Today we were given a presentation by the creator of Makerspaces- Lauren Britton. She explained to us the process of how she first thought of the idea, and how she created her first 3d printer, and functional Makerspace. She also explained her more recent research to us about body modification, and cyborgs.
After the presentation we were tasked with creating a product from craft supplies which can modify a part or function of the body.
My product was the Ocuaware, a pair of glasses which can either dispense a chemical which allows you to see in the dark temporarily, or upon wearing them will allow you to see in the dark as long as you wear them.
I made the goggles from pipe cleaner, buttons, paperclips, string, glue, wooden dowels, and a small cell phone camera.
Informatics of Domination– The normative social order in Western society rooted in the politics of race, class, and gender (as manifested in language). Informatics of Domination refers to uncovering a breakdown of binaries and boundaries, where domination becomes a structure, a behavior, an information system to be studied.
Body modification– Interventions intended to improve human function or characteristics beyond what is necessary to sustain health or repair the body. It also refers to the broad set of practices involved in deliberately altering the appearance or form of the human body,
Critical Design– Where design is used to cultivate critical perspectives about the way things are produced and consumed, specifically the cultural and social elements embedded within design.
Critical Making– critical making is when the design moves from an idea to an artifact. Critical making refers to the “hands-on productive activities that link technologies to society.”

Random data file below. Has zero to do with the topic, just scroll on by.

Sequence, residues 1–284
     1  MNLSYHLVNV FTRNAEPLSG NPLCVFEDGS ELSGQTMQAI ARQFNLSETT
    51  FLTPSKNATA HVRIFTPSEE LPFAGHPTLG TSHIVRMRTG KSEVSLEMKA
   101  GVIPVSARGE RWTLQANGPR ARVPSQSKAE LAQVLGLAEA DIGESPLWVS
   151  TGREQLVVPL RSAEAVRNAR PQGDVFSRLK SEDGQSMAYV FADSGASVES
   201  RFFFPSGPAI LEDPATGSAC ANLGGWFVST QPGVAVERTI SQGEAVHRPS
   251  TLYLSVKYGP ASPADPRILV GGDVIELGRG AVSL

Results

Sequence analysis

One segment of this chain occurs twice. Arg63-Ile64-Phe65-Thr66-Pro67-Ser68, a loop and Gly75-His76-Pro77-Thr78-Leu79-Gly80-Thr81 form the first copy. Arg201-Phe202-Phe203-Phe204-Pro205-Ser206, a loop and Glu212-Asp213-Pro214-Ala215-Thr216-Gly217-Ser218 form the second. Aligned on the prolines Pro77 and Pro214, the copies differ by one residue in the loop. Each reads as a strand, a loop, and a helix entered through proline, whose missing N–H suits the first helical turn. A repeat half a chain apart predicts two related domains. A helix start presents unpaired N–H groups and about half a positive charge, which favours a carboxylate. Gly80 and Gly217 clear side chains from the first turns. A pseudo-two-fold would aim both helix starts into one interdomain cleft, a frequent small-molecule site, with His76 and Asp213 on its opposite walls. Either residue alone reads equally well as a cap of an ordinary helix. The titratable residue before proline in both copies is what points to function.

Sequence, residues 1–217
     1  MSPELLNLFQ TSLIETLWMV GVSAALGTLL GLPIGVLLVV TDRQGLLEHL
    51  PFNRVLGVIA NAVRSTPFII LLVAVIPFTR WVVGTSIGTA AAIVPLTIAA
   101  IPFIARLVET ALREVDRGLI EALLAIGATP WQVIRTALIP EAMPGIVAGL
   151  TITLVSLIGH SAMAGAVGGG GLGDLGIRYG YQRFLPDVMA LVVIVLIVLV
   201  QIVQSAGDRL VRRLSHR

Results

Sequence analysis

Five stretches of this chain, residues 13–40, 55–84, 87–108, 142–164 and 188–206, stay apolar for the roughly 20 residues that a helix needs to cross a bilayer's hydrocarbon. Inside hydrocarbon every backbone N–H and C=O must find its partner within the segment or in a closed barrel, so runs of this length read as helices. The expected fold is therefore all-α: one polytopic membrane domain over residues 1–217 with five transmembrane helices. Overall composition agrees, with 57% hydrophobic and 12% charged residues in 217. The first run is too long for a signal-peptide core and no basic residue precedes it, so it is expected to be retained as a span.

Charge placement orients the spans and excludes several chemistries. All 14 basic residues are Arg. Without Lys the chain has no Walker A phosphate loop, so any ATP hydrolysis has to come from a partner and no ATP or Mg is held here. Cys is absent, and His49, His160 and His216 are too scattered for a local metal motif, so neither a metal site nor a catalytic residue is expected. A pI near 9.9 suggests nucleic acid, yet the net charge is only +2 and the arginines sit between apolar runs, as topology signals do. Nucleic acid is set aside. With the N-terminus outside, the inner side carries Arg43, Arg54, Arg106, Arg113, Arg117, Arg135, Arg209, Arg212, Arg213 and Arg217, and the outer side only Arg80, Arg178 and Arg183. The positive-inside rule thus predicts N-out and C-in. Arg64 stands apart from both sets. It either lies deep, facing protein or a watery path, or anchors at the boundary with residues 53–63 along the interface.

I had never previously realized how large of a movement body modification was, and how sophisticated the technologies currently are. It seemed to me like a movement that is very against cultural norms, and empowers those who challenge the traditional structure of societal domination. Grinder tech is a company which specifies in body modification “art pieces.” They create functional pieces including the Magnetica, BioRead, TransCrania and SouthPole. Most of these pieces are simple, and still in development. The Grinder tech “citizen scientists” are starting with smaller projects with the goal of building up to larger projects. The manufacturing process is hindered by trial and error, and the scientists test the projects themselves using the help of piercers as surgeons. This movement is highly controversial as the norm is to modify your body in order to seem “normal,” not to drastically improve some aspect of your body, or mimic a cyborg.
Manifesting the Cyborg via Techno-Body Modification: From Human Computer Interaction to Integration By Lauren Britton and Ryan Semaan